A chalcogenide is a chemical compound consisting of at least one chalcogen anion and at least one more electropositive element. Although all group 16 elements of the periodic table are defined as chalcogens, the term chalcogenide is more commonly reserved for sulfides, selenides, tellurides, and polonides, rather than oxides. Many metal ores exist as chalcogenides. Photoconductive chalcogenide glasses are used in xerography. Some pigments and catalysts are also based on chalcogenides. The metal dichalcogenide MoS2 is a common solid lubricant.Cluster chemistry
In chemistry, a cluster is an ensemble of bound atoms or molecules that is intermediate in size between a molecule and a bulk solid. Clusters exist of diverse stoichiometries and nuclearities. For example, carbon and boron atoms form fullerene and borane clusters, respectively. Transition metals and main group elements form especially robust clusters. Clusters can also consist solely of a certain kind of molecules, such as water clusters.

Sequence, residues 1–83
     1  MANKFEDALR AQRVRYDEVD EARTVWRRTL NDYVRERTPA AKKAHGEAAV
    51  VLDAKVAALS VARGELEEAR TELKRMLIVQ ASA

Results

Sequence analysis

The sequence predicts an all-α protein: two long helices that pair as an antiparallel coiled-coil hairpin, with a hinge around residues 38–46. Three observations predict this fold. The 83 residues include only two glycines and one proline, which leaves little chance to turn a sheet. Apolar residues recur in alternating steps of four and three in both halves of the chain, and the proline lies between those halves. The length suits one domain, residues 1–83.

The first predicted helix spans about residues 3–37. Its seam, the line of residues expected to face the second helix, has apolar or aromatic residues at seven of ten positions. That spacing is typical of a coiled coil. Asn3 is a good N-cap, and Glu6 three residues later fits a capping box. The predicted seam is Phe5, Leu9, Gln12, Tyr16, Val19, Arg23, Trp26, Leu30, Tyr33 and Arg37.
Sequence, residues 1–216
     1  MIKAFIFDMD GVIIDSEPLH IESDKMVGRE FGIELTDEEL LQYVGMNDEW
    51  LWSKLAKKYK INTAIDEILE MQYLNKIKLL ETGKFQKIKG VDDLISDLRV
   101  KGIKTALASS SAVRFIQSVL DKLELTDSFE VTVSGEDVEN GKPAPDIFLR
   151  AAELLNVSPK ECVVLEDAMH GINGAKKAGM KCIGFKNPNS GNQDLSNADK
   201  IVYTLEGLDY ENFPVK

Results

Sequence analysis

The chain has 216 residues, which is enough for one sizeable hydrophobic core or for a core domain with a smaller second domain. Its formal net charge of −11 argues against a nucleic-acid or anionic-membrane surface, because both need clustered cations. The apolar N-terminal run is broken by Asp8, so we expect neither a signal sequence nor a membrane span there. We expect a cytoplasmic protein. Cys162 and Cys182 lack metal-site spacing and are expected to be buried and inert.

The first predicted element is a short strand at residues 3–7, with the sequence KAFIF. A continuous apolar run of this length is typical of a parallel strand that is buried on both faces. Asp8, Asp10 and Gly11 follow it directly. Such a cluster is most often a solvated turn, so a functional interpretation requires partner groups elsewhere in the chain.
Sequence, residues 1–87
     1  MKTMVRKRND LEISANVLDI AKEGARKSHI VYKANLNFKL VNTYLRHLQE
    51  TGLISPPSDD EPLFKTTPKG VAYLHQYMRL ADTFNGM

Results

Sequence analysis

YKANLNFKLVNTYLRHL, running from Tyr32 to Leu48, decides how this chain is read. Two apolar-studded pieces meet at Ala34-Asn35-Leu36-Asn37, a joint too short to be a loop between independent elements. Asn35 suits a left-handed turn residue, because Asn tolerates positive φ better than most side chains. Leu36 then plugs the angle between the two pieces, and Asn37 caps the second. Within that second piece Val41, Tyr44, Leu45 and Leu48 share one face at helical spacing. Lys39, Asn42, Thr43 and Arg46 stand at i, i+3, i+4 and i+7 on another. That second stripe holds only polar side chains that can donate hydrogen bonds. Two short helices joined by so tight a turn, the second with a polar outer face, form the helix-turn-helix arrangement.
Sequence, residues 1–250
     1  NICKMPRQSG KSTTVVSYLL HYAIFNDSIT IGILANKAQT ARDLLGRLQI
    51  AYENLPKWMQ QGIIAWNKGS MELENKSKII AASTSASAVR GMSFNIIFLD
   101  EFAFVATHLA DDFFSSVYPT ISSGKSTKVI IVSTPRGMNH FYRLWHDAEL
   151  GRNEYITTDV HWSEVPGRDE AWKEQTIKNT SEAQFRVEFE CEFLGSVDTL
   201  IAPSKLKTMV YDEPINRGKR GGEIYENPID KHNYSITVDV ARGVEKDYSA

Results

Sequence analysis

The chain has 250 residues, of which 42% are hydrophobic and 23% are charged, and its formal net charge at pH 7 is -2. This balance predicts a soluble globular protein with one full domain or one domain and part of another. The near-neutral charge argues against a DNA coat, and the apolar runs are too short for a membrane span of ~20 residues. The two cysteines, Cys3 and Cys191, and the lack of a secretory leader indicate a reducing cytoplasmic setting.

The phrase cluster was coined by F.A. Cotton in the early 1960s to refer to compounds containing metal–metal bonds. In another definition a cluster compound contains a group of two or more metal atoms where direct and substantial metal bonding is present. The prefixed terms "nuclear" and "metallic" are used and imply different meanings. For example, polynuclear refers to a cluster with more than one metal atom, regardless of the elemental identities. Heteronuclear refers to a cluster with at least two different metal elements.
The main cluster types are "naked" clusters (without stabilizing ligands) and those with ligands. For transition metal clusters, typical stabilizing ligands include carbon monoxide, halides, isocyanides, alkenes, and hydrides. For main group elements, typical clusters are stabilized by hydride ligands.